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EBSCO settings that affect search results: Home

including "Boolean/Phrase" Search Mode, and "Find all my search terms"

Health Sciences Librarian

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John Wiswell

Levine Hall 542F & Belk Library 225, (828)262-7853

EBSCO settings that affect search results, including Boolean/Phrase Search Mode, and Find all my search terms

August 2023 default settings

APPsearch (EDS, EBSCO Discovery System)

Find all my search terms (not Boolean/Phrase)

Also search within the full text of articles.

Other EBSCO databases (except Music databases)

Find all my search terms (not Boolean/Phrase)

NOT Also search within the full text of articles.  Searching only titles/abstracts/headings/keywords.

Music databases


Searching only titles/abstracts/headings/keywords.  NOT Also search within the full text of articles.


What do these different Search Modes do?

Find all my search terms works pretty much like a Google search string.  EBSCO applies the AND function to the words.  Users may explicitly add Boolean operators, but AND is assumed.  Probably this search mode works best (most of the time) searching abstracts, titles, keywords, and subject headings.  Not full text of articles.

Although this search mode does not use proximity of search words, as described below, relevance ranking of results will rank results with search terms near one another higher, and those will be more likely to be seen.

Boolean/Phrase works better in some ways with searching in full text, plus it sometimes reads natural language strings better.  EBSCO looks for Boolean words and treats words on either side of them as rough phrases.  It looks for results that have those words near each other.  (It uses the NEAR5 or N5 function.)

Example: A student types in greenhouse gas emissions and climate change.  EBSCO sees the Boolean and.  It then looks for all results that have greenhouse within 5 words of gas, gas within 5 words of emissions, and climate within 5 words of change.

In this Search Mode, a space between words is not interpreted as AND.  Instead it triggers the much more strict NEAR5 proximity search.  I don't think it will count a word in the title as near a word in the abstract or subject headings.  (Or in abstract as near keywords, and so on.)

By the way, try the SmartText Searching sometime, maybe with a favorite article's abstract.  Unless you click the button, SmartText Search kicks in automatically in only one case, a search in APPsearch that yields no results. 

Also, be careful.  If you do an APPsearch search that yields no results, it will warn you that it's giving you SmartText Search results instead.  But if you then click the peer-reviewed articles button or limit the dates, that message will disappear.

Implications for setting defaults and for instruction

Do we want to follow Google and other fairly standard practices?  Or follow EBSCO's?

Should we aim to be consistent in instruction and examples?  For example, should we consistently model an example like

greenhouse gas emissions and climate change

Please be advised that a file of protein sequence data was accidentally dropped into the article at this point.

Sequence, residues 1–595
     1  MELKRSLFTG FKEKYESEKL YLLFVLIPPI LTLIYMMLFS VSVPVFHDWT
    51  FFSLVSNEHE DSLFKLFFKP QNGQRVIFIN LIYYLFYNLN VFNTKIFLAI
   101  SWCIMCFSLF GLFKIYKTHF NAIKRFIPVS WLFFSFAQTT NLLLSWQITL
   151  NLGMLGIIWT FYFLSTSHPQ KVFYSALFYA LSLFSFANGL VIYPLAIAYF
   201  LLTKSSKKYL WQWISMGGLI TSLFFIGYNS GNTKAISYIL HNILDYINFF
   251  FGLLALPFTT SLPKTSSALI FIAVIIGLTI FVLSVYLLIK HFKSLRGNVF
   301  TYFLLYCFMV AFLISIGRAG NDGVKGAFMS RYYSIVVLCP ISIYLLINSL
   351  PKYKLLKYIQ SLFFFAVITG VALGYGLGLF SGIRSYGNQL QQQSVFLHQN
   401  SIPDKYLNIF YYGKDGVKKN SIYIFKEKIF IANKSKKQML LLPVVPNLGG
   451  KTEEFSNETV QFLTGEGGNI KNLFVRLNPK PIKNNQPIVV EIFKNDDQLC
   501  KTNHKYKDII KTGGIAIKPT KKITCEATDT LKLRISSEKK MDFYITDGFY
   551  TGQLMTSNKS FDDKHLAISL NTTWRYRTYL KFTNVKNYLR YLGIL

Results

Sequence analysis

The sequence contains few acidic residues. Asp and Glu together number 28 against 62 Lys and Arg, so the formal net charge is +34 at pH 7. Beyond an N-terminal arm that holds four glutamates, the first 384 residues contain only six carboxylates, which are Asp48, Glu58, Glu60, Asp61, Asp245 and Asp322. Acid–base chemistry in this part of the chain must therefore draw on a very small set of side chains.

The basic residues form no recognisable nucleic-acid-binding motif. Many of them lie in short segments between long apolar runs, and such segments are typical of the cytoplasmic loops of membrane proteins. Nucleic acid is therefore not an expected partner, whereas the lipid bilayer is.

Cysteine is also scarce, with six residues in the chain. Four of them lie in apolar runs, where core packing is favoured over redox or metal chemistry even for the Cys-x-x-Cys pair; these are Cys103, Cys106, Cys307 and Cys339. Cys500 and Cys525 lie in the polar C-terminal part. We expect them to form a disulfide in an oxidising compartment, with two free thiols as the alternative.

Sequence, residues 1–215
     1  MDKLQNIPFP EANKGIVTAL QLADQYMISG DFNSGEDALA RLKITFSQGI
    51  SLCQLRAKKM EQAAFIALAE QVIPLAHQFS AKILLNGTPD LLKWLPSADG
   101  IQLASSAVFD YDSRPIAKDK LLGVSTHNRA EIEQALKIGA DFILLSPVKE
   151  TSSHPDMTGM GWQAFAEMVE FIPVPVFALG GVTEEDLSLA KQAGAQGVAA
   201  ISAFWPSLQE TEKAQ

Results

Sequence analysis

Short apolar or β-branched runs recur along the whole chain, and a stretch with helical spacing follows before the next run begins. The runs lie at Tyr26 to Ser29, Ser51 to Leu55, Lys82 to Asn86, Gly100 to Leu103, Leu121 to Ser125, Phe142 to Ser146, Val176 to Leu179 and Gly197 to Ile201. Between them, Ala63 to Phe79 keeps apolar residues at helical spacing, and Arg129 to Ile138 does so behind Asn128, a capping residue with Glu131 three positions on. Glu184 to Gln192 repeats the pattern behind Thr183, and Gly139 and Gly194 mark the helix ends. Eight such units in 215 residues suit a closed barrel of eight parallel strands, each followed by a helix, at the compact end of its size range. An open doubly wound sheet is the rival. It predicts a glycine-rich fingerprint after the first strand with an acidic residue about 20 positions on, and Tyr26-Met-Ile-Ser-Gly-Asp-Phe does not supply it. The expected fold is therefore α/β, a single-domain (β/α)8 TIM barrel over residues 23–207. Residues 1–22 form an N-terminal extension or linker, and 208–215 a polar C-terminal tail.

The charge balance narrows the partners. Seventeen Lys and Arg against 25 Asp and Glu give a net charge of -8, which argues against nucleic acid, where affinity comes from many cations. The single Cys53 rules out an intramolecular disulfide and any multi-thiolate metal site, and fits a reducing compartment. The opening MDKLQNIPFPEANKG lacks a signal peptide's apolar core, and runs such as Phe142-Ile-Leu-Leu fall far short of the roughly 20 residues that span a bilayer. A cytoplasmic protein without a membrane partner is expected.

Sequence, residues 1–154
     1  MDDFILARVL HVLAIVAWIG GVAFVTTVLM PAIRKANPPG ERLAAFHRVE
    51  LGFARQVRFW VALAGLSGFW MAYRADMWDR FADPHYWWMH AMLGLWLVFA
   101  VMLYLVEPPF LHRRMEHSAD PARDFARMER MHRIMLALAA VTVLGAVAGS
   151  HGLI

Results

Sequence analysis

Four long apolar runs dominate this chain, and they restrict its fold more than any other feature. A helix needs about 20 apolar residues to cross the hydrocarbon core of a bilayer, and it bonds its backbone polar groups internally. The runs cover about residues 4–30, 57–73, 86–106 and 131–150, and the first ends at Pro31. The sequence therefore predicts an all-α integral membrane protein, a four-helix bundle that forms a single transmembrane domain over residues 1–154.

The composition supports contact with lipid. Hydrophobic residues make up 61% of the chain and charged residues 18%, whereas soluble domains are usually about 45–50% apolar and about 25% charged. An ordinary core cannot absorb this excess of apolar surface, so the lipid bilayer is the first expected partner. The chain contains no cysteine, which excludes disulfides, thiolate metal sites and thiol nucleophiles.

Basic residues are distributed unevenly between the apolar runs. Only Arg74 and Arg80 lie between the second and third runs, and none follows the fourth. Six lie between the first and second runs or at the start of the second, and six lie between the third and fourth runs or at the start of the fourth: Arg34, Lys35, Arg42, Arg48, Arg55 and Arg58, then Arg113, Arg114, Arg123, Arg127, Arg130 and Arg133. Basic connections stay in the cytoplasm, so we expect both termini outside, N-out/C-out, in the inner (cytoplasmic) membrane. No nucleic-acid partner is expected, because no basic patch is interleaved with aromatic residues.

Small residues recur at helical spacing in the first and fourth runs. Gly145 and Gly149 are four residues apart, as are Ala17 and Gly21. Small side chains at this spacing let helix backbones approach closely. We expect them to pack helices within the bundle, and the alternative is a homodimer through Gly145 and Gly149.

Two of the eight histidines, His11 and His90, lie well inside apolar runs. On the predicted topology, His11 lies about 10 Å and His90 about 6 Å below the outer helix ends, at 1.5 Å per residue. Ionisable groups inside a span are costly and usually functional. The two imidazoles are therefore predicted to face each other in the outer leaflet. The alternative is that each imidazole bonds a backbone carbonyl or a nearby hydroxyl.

"greenhouse gas" emissions "climate change"

Which settings will work best for freshmen?  Which for students about to graduate?


July 2023 -- The EBSCO databases, besides APPsearch, CINAHL, and SPORTDiscus, are set up to use Boolean/Phrase search mode and not Also search within the full text of articles.  I'm not finding any discussions in the literature (or social media), but this seems like the worst default combination of these two settings.  The proximity functions of Boolean/Phrase search mode are useful in searches of full text, whereas NEAR5 proximity is not very meaningful when applied to relatively small sets of words in abstracts/titles/keywords/headings.

How does the library decide on settings? How does it communicate about them?

Summer 2023 -- The E-Resources team held an open meeting (with cookies) and communicated through emails before and after the event.  They shared details about search functioning through emails and some informal conversations.

Do Apply equivalent subjects or Apply related words EVER have any effect?

I don't think so.

Relevance Ranking

Whichever Search Mode you use, APPsearch will do relevance ranking.  It's probably the same algorithm for any of the search modes, and proximity of search terms is probably an important factor.  So whether you use the proximity searching of Boolean/Phrase search mode or not, you will still get results with your search words near each other higher up your results page than they would have been otherwise.

Proximity searching is useful.


"Cultural humility" works best for explicit use of the term, which is often important, but cultural N5 humility might work better for the broader concept and catches text like this: cultural competence and humility.

Since we're thinking about natural language and large corpuses of full text -- AI and secondary research

Also, as you think about using ChatGPT and other popular AI applications, consider using questions like these:

Suggest a systematic search strategy to find published articles concerning interventions for autism.  The outcome should be related to change in initiating communication.

Where should I publish my article concerning measuring outcomes from interventions for autism?  I need a list of several peer-reviewed journals, with medium to high prestige, and zero or very low cost for authors.